In this circuit, panels "are, for the most part, bound by prior panel decisions closely on point." Williams, 45 F.3d at 592. There are two exceptions to this rule. The first is that "[a]n existing panel decision may be undermined by controlling authority, subsequently announced, such as an opinion of the Supreme Court, an en banc opinion of the circuit court, or a statutory overruling." Id. The second exception covers "those relatively rare instances in which authority that postdates the original decision, although not directly controlling, nevertheless offers a sound reason for believing that the former panel, in light of fresh developments, would change its collective mind." Id.
First, we must determine whether St. Luke's is closely on point. The Magistrate Judge's opinion in this case, which was adopted by the district court, distinguished St. Luke's on the ground that in St. Luke's, the hospital's failure to ask for reimbursement of certain expenses in its cost report was intentional rather than inadvertent. Nothing in the St. Luke's opinion suggests that such a distinction played a significant role in the court's interpretation of the Board's statutory jurisdiction. See 810 F.2d at 327-29. Indeed, the only point at which the St. Luke's court attaches any weight to the fact that the hospital self-disallowed the costs at issue is at the very end of the opinion, in its discussion of whether the Board should be required to hear the hospital's claim. See id. at 332 (observing that St. Luke's has "a strong equitable argument" based on self-disallowance, but holding nonetheless that the Board has discretion over whether it will hear an appeal).
Furthermore, the St. Luke's opinion does not distinguish cases involving inadvertently omitted costs. The St. Luke's court phrased its holding this way:
The question before us is whether this statute grants the Board the power to order reimbursement for costs identified in the cost report, but as to which the hospital did not specifically ask the intermediary for reimbursement. Put more broadly, the question is whether the statute gives the Board the power to decide a new issue raised for the first time before it. We believe that the statute does give the Board this power. We also believe, however, that the Board need not exercise that power. . . . . Because the District of Columbia Circuit has taken a contrary view of the matter, Athens Community Hospital v. Schweiker, 743 F.2d 1 (D.C. Cir. 1984) (Athens II) . . ., we shall explain our reasoning in some detail.
Id. at 326 (some citations omitted). In Athens II, the D.C. Circuit held that the Board had no jurisdiction over costs for which a provider inadvertently failed to request reimbursement. See 743 F.2d at 10 & n.17. If the distinction between "self-disallowed" costs and "mistakenly omitted" costs had been significant, the St. Luke's court could have simply distinguished Athens II on that basis. Instead, the court spent two pages explaining why it was unconvinced by the reasoning of Athens II. See St. Luke's, 810 F.2d at 329-30. In light of this, we regard the holding of St. Luke's as applicable to "matters not raised" before the intermediary, id. at 330, whether the failure to raise the matter was deliberate or inadvertent.3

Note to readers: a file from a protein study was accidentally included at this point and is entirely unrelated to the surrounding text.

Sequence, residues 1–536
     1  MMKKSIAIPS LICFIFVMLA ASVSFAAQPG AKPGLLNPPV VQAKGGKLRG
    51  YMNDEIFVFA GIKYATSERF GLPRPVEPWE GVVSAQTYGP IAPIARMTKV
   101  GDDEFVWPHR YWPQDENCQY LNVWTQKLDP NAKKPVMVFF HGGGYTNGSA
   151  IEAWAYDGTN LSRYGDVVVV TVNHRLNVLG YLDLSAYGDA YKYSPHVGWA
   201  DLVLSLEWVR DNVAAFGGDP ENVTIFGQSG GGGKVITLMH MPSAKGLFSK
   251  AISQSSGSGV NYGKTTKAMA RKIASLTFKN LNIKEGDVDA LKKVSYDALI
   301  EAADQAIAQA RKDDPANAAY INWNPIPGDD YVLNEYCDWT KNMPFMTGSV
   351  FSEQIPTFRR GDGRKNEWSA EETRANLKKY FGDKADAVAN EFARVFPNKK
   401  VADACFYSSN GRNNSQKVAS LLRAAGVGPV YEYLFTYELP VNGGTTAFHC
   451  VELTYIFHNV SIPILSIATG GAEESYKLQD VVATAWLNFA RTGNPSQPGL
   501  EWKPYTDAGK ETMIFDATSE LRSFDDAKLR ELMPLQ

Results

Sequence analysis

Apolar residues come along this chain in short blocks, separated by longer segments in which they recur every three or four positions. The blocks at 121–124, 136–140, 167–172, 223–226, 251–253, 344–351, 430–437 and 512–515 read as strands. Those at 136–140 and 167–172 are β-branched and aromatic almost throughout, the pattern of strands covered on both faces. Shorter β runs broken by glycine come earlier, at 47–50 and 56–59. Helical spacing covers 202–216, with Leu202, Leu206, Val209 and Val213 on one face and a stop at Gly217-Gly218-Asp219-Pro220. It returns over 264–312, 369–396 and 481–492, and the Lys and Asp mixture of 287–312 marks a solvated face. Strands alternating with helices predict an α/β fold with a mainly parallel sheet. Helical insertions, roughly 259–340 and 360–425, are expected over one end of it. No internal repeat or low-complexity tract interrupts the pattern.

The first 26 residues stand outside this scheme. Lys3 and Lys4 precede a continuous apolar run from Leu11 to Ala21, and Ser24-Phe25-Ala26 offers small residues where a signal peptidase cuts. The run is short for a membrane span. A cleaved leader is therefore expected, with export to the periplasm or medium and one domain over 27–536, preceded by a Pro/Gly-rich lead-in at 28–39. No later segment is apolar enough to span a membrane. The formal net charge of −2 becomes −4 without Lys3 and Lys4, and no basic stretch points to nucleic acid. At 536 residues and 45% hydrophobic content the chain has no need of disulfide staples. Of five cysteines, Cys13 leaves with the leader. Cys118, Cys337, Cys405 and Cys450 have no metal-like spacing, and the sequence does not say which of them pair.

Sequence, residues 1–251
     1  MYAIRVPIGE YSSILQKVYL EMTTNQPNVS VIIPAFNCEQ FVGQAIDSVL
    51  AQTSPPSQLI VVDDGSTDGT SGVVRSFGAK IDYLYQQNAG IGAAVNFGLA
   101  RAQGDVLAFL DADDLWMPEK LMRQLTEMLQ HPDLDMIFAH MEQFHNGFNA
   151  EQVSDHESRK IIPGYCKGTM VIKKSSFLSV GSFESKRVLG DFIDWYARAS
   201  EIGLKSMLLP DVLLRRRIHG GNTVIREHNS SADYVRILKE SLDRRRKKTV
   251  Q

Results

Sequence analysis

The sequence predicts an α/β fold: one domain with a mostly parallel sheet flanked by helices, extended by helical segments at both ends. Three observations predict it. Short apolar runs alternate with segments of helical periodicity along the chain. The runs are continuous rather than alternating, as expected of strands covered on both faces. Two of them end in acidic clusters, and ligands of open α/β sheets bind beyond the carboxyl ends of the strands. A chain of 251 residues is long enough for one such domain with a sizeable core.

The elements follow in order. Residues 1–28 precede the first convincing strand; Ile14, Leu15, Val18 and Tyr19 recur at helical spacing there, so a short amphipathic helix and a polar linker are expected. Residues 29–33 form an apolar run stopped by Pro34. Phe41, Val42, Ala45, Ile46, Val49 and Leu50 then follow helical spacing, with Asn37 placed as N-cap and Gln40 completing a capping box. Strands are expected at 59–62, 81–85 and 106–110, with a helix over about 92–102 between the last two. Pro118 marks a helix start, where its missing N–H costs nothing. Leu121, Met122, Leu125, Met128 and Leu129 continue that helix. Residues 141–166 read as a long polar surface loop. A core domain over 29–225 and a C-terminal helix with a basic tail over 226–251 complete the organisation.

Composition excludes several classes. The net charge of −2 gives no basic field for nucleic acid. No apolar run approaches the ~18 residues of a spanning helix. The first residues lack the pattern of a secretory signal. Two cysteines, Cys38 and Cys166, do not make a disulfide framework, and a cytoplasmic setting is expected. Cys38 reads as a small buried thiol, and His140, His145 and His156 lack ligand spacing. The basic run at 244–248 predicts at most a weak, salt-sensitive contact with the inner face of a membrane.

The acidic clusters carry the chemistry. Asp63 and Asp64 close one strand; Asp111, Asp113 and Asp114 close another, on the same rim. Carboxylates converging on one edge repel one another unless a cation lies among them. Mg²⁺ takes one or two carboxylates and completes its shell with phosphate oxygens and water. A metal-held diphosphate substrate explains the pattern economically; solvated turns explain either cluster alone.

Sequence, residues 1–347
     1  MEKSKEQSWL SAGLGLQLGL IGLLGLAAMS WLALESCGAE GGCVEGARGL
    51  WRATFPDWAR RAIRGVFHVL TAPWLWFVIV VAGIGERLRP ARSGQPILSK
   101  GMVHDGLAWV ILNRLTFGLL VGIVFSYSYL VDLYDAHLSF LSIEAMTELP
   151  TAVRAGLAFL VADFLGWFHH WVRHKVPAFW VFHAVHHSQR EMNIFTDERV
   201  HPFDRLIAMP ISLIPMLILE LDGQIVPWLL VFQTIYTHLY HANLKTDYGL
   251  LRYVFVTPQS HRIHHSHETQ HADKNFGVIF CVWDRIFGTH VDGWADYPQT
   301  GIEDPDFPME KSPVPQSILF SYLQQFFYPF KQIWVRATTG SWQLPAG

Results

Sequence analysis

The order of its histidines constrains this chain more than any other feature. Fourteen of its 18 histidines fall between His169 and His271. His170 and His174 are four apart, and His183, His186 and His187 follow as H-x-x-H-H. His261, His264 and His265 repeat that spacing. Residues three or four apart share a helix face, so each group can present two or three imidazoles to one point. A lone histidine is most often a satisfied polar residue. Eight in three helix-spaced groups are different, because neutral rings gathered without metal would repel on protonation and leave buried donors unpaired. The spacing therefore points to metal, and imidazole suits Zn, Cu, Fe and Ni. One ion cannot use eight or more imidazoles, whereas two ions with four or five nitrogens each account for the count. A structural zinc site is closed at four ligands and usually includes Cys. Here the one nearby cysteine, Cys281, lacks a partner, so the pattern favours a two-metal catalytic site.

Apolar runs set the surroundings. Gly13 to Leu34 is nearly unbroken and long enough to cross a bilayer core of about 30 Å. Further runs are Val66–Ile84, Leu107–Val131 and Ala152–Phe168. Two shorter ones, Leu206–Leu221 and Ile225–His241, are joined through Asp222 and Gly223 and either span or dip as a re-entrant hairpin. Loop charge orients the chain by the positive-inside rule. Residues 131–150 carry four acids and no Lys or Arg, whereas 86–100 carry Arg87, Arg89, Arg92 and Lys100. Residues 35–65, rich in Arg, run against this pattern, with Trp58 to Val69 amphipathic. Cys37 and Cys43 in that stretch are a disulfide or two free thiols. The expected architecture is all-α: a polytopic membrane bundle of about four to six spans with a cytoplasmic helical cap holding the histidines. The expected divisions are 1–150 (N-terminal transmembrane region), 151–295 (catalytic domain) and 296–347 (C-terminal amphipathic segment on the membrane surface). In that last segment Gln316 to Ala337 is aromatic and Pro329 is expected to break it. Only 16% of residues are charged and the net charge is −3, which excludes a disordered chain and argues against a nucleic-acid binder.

A second possible ground for distinguishing St. Luke's here would be that St. Luke's concerned only subsection § 1395oo(d), while this case (like Bethesda) turns on the interpretation of § 1395oo(a).4 We believe that an examination of St. Luke's and Bethesda refutes this argument. First, the holding of St. Luke's is that "the Board has the legal power to decide matters not raised below." See 810 F.2d at 330. This holding is not a narrow one based on a parsing of § 1395oo(d) alone: it relies on legislative history, see id. at 328; the nature of judicial and administrative appellate bodies, see id. at 328-29; other subsections of § 1395oo, see id. at 329 (§ 1395oo(f)); and the special features of Board review, see id. To confine St. Luke's to § 1395oo(d) alone would be to ignore its language and the analytic rationale for its conclusion about the Board's jurisdiction.
Furthermore, Bethesda makes nothing of the possible distinction between "subsection (a)" and "subsection (d)" cases. Bethesda, which could be characterized as a subsection (a) case, states that it is "resolv[ing] a conflict among the Courts of Appeals," and lists eight circuit opinions, the majority of which could be classified as subsection (d) cases. See 485 U.S. at 402-03 & n.1; St. Luke's, 810 F.2d at 327 (noting the Secretary's argument that "§ 1395oo(d) denies the Board the power to decide any issues not first raised before the intermediary"); North Broward Hosp. Dist. v. Bowen, 808 F.2d 1405, 1409 (11th Cir. 1987) (defining "the scope of jurisdiction conferred by § 1395oo(d)"); Community Hosp. v. HHS, 770 F.2d 1257, 1262 (4th Cir. 1985) (same); Athens II, 743 F.2d at 3 ("The [Board's] jurisdiction --the crux of the dispute here -- is set out in section 1395oo(d) . . . ."); Saint Mary of Nazareth Hosp. Ctr. v. Department of HHS, 698 F.2d 1337, 1346 (7th Cir. 1983) (rejecting the Secretary's § 1395oo(d) jurisdictional argument); see also Tallahassee Mem'l Reg'l Med. Ctr. v. Bowen, 815 F.2d 1435, 1458-59 (11th Cir. 1987) (finding subsection (f) more relevant, even though the district courts and parties focused on subsection (d)). If the possible distinction between subsection (a) and subsection (d) cases mattered to the Bethesda Court, it would not have announced that it was resolving a circuit split involving subsection (d) cases in an opinion focused on subsection (a).